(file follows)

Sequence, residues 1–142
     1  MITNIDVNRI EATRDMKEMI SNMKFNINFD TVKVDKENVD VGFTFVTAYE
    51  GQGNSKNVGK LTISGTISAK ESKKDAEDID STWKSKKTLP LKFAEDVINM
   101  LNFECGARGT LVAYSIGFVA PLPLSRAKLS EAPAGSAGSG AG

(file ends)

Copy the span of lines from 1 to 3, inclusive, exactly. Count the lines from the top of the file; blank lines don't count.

Sequence, residues 1–142
     1  MITNIDVNRI EATRDMKEMI SNMKFNINFD TVKVDKENVD VGFTFVTAYE
    51  GQGNSKNVGK LTISGTISAK ESKKDAEDID STWKSKKTLP LKFAEDVINM